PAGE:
Michael Carter, who builds truck beds, says Nissan exploits the fact that unionized second-tier workers top out at $19.28 in 2015. “They say, ‘you make more than a GM worker,’” Carter said.
Likewise, Big 3 pensions aren’t a selling point “because we don’t have good pensions for the new hires in Ford, GM, and Chrysler,” King says. “What we say is if we get the whole industry organized, people can get what they deserve.”
Both Big 3 new hires and Nissan workers have 401ks.
King says the percentage of temps is growing rapidly in the foreign-owned factories, and notes that Big 3 new hires have it far better than those workers, with superior wages and protections against arbitrary discipline and firing.
Canton workers say the temps tend to be younger but work alongside them doing exactly the same jobs. The UAW points to public documents that Nissan files with the state, showing 3,439 direct hires and 941 contract employees as of July 2010. The company has told workers that all 1,000 new jobs this year will be temporary. Nissan workers say in eight years they have never seen a temp promoted to regular.
The UAW is not trying to organize the Canton temps in this drive, however, as they work for different employers.
WHY NOT A GERMAN PLANT?
The UAW had long declined to say which of the many targets in the South it would try to organize first. Reports surfaced in March of cards circulating at Volkswagen’s plant in Chattanooga, Tennessee.
Many had thought the union’s odds were better at a VW, BMW, or Mercedes plant, because the strong German metalworkers union IG Metall could pressure management. In Japan, auto unions are famously cozy with management.
But it’s unclear how hard IG Metall is pressing German manufacturers to lighten up in their U.S. plants. A year ago Bernd Osterloh, who represents labor on Volkswagen’s supervisory board, said he would not actively promote the UAW’s efforts in Chattanooga. It was up to the employees themselves to decide on union representation, Osterloh said—the same line used by management.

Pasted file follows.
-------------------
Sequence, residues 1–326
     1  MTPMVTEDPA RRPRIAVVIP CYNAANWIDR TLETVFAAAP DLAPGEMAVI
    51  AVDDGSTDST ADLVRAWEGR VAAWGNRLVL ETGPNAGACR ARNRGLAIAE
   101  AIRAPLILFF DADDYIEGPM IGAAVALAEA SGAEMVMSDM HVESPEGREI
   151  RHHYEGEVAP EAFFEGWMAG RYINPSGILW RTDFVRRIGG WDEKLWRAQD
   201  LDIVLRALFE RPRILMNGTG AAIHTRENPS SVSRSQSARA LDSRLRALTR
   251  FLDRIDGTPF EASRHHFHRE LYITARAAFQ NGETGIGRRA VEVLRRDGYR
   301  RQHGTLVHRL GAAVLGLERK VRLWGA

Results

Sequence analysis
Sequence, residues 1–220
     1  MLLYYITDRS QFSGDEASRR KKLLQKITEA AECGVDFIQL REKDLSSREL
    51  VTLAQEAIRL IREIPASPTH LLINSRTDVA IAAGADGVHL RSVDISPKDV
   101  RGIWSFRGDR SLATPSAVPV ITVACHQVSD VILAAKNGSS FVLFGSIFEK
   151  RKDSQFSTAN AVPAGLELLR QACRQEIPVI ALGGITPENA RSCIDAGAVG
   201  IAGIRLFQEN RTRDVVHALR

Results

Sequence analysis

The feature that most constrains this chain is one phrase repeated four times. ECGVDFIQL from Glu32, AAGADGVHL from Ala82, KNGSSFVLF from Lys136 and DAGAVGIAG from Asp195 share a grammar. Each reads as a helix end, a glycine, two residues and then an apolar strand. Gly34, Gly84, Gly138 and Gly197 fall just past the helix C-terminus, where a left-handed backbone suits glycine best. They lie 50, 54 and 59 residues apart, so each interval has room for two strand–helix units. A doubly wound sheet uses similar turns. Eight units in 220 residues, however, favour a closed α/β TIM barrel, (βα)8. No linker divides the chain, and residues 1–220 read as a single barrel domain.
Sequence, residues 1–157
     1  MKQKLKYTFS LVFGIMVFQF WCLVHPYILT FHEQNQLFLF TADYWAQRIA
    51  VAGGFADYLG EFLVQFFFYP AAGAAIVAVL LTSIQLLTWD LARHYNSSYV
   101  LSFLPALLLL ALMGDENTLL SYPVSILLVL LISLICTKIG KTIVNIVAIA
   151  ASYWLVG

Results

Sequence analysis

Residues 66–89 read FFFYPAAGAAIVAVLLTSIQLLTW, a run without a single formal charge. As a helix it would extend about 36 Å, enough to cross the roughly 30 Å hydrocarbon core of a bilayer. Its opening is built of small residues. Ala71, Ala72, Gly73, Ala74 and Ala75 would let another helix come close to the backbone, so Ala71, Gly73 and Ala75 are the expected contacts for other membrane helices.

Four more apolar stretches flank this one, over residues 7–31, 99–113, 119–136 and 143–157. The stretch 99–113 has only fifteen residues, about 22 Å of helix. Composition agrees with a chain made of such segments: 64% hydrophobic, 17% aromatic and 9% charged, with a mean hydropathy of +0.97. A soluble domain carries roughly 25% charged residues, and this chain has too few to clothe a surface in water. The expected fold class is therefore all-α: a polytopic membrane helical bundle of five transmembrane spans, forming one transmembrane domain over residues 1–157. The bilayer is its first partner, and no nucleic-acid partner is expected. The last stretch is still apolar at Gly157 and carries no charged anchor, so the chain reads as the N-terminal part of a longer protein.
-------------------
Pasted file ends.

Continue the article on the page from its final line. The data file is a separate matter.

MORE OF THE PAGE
A meeting in March 2011 among King, the IG Metall president, and top worker officials of German car makers reached no agreement about supporting UAW organizing. King now calls the German union “very, very supportive,” but some German observers speculate that IG Metall leaders fear looking bad if they go all out for the UAW—which then loses.
Martinez thinks Nissan should stop fighting the union “tooth and nail” in the U.S. when its plants in Japan, Brazil, France and elsewhere all operate union.
SHINE A LIGHT
Union supporter Rosalind Essex says management is pushing back.
A half hour after she challenged managers in a roundtable meeting, a supervisor gave her a verbal warning—over parking tickets.
Essex, an engine inspector hired in 2004, says “all the jobs are overloaded.” She called the UAW when her hands started hurting in her first year.
Carter also wants a “balanced workload.” He says if anyone leaves, more tasks are put on those who remain. He says he wants a union so that the company can’t do whatever it wants with no input. “Whatever they come up with, we have to take it,” he said, pointing to escalating health care costs.
He’d like to deal with the problem of temps “because they’re willing to do the same job I do for less money.” The union says they should all be made permanent.
Rafael Martinez wants a raise. “They can’t keep using Mississippi as an excuse and compare the auto industry to Walmart or McDonald’s,” he fumes. “This is not a grocery store, this is a multibillion-dollar company which is a union company across the world.”
Martinez is also tired of hearing that there are no unions in Mississippi (the rate is 6.5 percent). His wife works for the post office and he has uncles and cousins who’ve been union members.
“Nissan’s thing is to keep people in the dark,” Martinez says. “Every chance I get I come with a flashlight.”
This article was originally published by Labor Notes.